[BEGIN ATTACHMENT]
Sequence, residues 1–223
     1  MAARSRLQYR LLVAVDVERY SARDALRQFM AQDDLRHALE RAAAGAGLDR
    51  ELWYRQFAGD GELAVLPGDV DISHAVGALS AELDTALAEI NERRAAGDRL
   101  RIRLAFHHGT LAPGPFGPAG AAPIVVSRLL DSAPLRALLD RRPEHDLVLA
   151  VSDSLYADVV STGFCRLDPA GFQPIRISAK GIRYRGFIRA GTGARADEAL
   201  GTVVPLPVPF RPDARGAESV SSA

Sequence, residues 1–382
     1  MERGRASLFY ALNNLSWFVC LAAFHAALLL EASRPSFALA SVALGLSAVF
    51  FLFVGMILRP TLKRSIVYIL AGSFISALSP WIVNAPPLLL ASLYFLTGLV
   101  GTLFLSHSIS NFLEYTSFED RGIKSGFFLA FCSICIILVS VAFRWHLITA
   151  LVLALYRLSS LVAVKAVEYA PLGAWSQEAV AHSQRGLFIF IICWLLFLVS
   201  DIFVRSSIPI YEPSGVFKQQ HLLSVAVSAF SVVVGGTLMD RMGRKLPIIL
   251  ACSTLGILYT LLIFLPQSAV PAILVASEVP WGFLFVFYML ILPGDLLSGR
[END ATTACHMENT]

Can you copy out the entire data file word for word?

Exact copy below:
Sequence, residues 1–223
     1  MAARSRLQYR LLVAVDVERY SARDALRQFM AQDDLRHALE RAAAGAGLDR
    51  ELWYRQFAGD GELAVLPGDV DISHAVGALS AELDTALAEI NERRAAGDRL
   101  RIRLAFHHGT LAPGPFGPAG AAPIVVSRLL DSAPLRALLD RRPEHDLVLA
   151  VSDSLYADVV STGFCRLDPA GFQPIRISAK GIRYRGFIRA GTGARADEAL
   201  GTVVPLPVPF RPDARGAESV SSA

Sequence, residues 1–382
     1  MERGRASLFY ALNNLSWFVC LAAFHAALLL EASRPSFALA SVALGLSAVF
    51  FLFVGMILRP TLKRSIVYIL AGSFISALSP WIVNAPPLLL ASLYFLTGLV
   101  GTLFLSHSIS NFLEYTSFED RGIKSGFFLA FCSICIILVS VAFRWHLITA
   151  LVLALYRLSS LVAVKAVEYA PLGAWSQEAV AHSQRGLFIF IICWLLFLVS
   201  DIFVRSSIPI YEPSGVFKQQ HLLSVAVSAF SVVVGGTLMD RMGRKLPIIL
   251  ACSTLGILYT LLIFLPQSAV PAILVASEVP WGFLFVFYML ILPGDLLSGR